Even a small amount every day reduced the odds of dying with dementia by 28 percent, a new study has found.

Need another reason to reach for olive oil when you cook? A new study suggests that having just a little bit each day might help reduce your chances of dying with dementia.

Scientists examined data collected over almost three decades on about 93,000 middle-aged adults. At the start of the study, participants were 56 years old on average and had no history of cardiovascular disease, a major risk factor for dementia.

Every four years, participants completed dietary questionnaires detailing what foods they typically ate and indicating how often they consumed olive oil: no more than once a month; up to 4.5 grams (g), or 1 teaspoon (tsp) daily; between 4.5 and 7 g (1.5 tsp) daily; or more than 7 g daily.

Compared with people who rarely if ever consumed olive oil, those who got at least 7 g a day were 28 percent less likely to die of dementia-related causes by the end of the study, according to results published in JAMA Network Open.

The study also found that replacing 1 daily tsp of margarine or mayonnaise with olive oil was associated with up to a 14 percent lower risk of dying from dementia-related causes.

“Typically, people who use olive oil for cooking or as a dressing have an overall better quality of their diet, but interestingly, we found there to be an association [between olive oil intake and reduced risk of dementia-related death] regardless of this factor,” says lead study author Anne-Julie Tessier, PhD, RD, a research associate in nutrition at the Harvard T.H. Chan School of Public Health in Boston.



People in the Study Died From a Number of Dementia-Related Causes

A total of 4,571 people who died during the study had fatalities related to dementia based on a physician review of medical records, autopsy reports, or death certificates.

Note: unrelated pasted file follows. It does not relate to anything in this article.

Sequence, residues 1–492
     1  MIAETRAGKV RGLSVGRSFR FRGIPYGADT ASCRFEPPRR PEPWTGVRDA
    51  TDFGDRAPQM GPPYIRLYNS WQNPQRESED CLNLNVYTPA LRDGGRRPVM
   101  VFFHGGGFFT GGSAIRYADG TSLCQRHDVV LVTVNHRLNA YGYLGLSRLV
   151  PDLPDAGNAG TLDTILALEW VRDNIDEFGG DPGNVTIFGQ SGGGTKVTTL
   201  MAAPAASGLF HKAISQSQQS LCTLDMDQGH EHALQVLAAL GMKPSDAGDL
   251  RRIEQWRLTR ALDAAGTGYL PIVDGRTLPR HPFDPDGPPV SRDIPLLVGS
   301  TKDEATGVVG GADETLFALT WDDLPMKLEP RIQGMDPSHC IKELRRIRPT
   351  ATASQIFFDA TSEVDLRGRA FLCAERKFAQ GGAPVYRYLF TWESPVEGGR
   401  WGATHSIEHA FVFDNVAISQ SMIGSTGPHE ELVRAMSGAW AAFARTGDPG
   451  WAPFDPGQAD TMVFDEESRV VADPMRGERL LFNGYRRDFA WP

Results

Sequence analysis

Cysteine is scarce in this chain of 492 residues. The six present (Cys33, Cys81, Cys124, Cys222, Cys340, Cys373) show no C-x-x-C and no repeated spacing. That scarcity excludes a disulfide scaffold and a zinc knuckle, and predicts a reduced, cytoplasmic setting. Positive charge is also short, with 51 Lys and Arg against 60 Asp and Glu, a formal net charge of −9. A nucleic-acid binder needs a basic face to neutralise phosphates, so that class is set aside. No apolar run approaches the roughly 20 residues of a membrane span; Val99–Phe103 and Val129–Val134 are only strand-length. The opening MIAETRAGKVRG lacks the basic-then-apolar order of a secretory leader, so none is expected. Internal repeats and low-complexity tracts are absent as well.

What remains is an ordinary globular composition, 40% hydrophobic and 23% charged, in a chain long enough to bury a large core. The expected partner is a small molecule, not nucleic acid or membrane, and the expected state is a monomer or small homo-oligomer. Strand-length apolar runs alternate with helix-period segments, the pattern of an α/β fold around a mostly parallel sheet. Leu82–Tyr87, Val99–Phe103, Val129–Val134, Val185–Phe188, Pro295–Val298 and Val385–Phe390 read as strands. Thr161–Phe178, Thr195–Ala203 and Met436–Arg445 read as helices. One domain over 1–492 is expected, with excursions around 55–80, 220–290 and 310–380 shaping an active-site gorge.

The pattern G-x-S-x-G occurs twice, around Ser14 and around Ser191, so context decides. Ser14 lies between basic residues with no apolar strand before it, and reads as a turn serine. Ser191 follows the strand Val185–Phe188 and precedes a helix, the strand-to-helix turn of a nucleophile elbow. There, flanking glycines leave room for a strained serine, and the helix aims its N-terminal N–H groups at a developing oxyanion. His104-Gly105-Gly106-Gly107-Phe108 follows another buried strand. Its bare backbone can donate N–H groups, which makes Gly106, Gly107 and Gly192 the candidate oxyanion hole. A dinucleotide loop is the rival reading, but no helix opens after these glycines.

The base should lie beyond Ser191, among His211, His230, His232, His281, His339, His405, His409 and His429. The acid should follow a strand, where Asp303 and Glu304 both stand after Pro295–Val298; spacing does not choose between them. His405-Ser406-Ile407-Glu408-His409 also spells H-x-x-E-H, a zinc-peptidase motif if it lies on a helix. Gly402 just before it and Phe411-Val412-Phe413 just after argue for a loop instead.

People with dementia can die from a variety of causes including infections, falls, heart disease, certain cancers, or poor nutrition as their illness leads them to stop eating much, says Philip Gorelick, MD, MPH, a neurologist at the Northwestern University Feinberg School of Medicine in Chicago, who wasn’t involved in the new study.

The study wasn’t designed to prove whether or how olive oil consumption might directly impact the chances of developing or dying from dementia but uncovers an association.

“Olive oil may help to maintain brain health and other systemic organ health such as the heart and vascular systems,” Dr. Gorelick notes. “By keeping the brain and systemic organs healthy, dementia may be prevented, and the patient will not succumb to dementia-related causes of death, such as infections, falls, and heart disease.”

Olive Oil Is a Natural for Salads and Sautéeing

The best way to add olive oil to your diet is by looking for ways to prepare healthy foods, rather than using it for fried foods and sweets, says Penny Kris-Etherton, PhD, RD, an emeritus professor of nutritional sciences at Pennsylvania State University in University Park, who wasn’t involved in the new study.

“There are healthy ways to eat olive oil, and I recommend those which include using it for salads and lightly sautéing vegetables and lean protein foods,” Dr. Kris-Etherton says. “The greatest benefits of olive oil consumption on lowering dementia risk were seen in participants consuming the most olive oil and eating the best diets.”

SOURCE: Everyday Health